Strict Standards: Redefining already defined constructor for class XML_Parser in /home/sites/www.americanpoems.com/web/store/aom/includes/os.php on line 1188

Strict Standards: Declaration of XML_Parser::raiseError() should be compatible with PEAR::raiseError($message = NULL, $code = NULL, $mode = NULL, $options = NULL, $userinfo = NULL, $error_class = NULL, $skipmsg = false) in /home/sites/www.americanpoems.com/web/store/aom/includes/os.php on line 1604

Strict Standards: Declaration of XML_Unserializer::startHandler() should be compatible with XML_Parser::startHandler($xp, $elem, &$attribs) in /home/sites/www.americanpoems.com/web/store/aom/includes/os.php on line 3503

Strict Standards: Declaration of Cache_Lite_File::get() should be compatible with Cache_Lite::get($id, $group = 'default', $doNotTestCacheValidity = false) in /home/sites/www.americanpoems.com/web/store/aom/includes/cache.php on line 1020
American Poems: Book: Spirits of our Whaling Ancestors (A Capell Family Book)
Home
Apparel
Appliances
Books
DVD
Electronics
Home & Garden
Kindle eBooks
Magazines
Music
Outdoor Living
Software
Tools & Hardware
PC & Video Games
Location:
 Home » Book » Spirits of our Whaling Ancestors (A Capell Family Book)

Spirits of our Whaling Ancestors (A Capell Family Book)

  • Author:Charlotte Cote
  • Creator:Micah McCarty
  • Publisher:University of Washington Press
  • Category:Book
  • List Price: $26.95
  • Buy New: $16.15
  • as of 4/18/2014 20:07 EDT details
  • You Save: $10.80 (40%)
In Stock
New (25) Used (21) from $16.03
  • Seller:SuperBookDeals-
  • Sales Rank:219,080
  • Languages:English (Unknown), English (Original Language), English (Published)
  • Media:Paperback
  • Number Of Items:1
  • Edition:0
  • Pages:288
  • Shipping Weight (lbs):1.2
  • Dimensions (in):10 x 7.1 x 0.7
  • Publication Date:August 1, 2010
  • ISBN:0295990465
  • EAN:9780295990460
  • ASIN:0295990465
Availability:Usually ships in 1-2 business days


Editorial Reviews:
Synopsis
Following the removal of the gray whale from the Endangered Species list in 1994, the Makah tribe of northwest Washington State announced that they would revive their whale hunts; their relatives, the Nuu-chah-nulth Nation of British Columbia, shortly followed suit. Neither tribe had exercised their right to whale--in the case of the Makah, a right affirmed in their 1855 treaty with the federal government--since the gray whale had been hunted nearly to extinction by commercial whalers in the 1920s. The Makah whale hunt of 1999 was an event of international significance, connected to the worldwide struggle for aboriginal sovereignty and to the broader discourses of environmental sustainability, treaty rights, human rights, and animal rights. It was met with enthusiastic support and vehement opposition.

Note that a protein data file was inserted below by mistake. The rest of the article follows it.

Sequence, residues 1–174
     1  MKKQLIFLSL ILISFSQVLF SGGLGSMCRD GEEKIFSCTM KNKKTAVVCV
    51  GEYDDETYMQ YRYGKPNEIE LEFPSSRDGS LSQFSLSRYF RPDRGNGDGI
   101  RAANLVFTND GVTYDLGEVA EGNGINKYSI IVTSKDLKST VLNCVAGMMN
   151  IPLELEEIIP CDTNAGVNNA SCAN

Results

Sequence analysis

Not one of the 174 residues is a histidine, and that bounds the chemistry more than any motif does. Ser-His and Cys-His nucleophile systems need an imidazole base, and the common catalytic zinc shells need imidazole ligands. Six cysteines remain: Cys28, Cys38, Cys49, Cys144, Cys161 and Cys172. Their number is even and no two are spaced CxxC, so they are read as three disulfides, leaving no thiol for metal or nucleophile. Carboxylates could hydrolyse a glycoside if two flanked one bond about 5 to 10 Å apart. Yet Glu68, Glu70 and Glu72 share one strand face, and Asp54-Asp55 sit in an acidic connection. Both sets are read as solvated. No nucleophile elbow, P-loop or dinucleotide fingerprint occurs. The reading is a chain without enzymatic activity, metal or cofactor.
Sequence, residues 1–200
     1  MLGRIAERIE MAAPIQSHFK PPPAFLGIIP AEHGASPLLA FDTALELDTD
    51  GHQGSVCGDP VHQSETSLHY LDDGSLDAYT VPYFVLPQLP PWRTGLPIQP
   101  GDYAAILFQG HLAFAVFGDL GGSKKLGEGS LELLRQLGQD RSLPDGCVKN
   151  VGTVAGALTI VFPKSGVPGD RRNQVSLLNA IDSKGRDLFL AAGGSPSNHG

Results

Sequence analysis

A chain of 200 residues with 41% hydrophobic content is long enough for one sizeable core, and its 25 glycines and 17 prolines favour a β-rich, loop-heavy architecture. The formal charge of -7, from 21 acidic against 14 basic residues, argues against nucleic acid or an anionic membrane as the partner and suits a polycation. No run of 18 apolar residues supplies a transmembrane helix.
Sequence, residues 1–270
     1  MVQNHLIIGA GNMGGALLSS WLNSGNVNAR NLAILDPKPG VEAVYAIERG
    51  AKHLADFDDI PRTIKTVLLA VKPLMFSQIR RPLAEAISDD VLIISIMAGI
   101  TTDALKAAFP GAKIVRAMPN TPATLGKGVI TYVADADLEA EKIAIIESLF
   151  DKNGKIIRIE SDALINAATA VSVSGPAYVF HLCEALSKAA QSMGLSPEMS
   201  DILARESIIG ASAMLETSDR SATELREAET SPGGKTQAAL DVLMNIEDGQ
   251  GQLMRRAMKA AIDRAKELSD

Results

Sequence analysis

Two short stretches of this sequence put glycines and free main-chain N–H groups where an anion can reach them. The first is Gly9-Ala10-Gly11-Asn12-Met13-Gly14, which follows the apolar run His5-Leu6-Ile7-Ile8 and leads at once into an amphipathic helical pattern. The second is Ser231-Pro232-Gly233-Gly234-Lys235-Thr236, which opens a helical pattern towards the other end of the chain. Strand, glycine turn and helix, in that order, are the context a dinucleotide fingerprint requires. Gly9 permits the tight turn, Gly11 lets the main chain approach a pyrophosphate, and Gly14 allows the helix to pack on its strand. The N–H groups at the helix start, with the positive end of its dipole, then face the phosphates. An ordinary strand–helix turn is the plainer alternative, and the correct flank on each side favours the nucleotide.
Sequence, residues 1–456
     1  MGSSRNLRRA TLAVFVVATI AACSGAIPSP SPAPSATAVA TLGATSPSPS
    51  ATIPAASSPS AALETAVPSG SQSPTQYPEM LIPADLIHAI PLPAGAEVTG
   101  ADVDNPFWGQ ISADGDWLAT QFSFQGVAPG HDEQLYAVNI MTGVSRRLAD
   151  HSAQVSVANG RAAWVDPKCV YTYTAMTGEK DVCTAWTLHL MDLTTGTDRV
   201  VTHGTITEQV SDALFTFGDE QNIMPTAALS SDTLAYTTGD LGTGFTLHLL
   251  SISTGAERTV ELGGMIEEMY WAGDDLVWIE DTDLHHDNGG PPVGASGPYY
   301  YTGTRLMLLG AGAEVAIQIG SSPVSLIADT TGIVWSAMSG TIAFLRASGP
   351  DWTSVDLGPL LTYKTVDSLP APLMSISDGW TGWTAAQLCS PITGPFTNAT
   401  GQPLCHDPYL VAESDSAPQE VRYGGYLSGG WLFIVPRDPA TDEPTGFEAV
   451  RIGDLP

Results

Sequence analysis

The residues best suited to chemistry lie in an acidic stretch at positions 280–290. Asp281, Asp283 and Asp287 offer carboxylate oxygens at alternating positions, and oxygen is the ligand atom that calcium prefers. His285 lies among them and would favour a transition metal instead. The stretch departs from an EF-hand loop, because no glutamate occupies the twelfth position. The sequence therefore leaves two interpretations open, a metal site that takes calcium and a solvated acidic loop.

As a member of the Nuu-chah-nulth Nation, Charlotte Coté offers a valuable perspective on the issues surrounding indigenous whaling, past and present. Whaling served important social, economic, and ritual functions that have been at the core of Makah and Nuu-chah-nulth societies throughout their histories. Even as Native societies faced disease epidemics and federal policies that undermined their cultures, they remained connected to their traditions. The revival of whaling has implications for the physical, mental, and spiritual health of these Native communities today, Coté asserts. Whaling, she says, "defines who we are as a people."

Her analysis includes major Native studies and contemporary Native rights issues, and addresses environmentalism, animal rights activism, anti-treaty conservatism, and the public's expectations about what it means to be "Indian." These thoughtful critiques are intertwined with the author's personal reflections, family stories, and information from indigenous, anthropological, and historical sources to provide a bridge between cultures.

Charlotte Cote is associate professor of American Indian studies at the University of Washington.

"This work, by an Indigenous scholar who also has hereditary rights to particular kinds of information and who shares the traditions of her own family and community, makes a powerful contribution to Northwest Coast Indigenous and environmental history." -Coll Thrush, author of Native Seattle: Stories from the Crossing-Over Place

"An excellent and timely book that chronicles the revitalization of the honored whaling tradition among the Makah and Nuu-chah-nulth but also raises broader issues of eco-colonialism, identity, and self-determination within the cultural nexus and political ecology of modern environmentalism and indigenous hunting economies." -Thomas Thornton, author of Being and Place among the Tlingit


CERTAIN CONTENT THAT APPEARS ON THIS SITE COMES FROM AMAZON SERVICES LLC. THIS CONTENT IS PROVIDED ‘AS IS’ AND IS SUBJECT TO CHANGE OR REMOVAL AT ANY TIME.
Brought to you by American Poems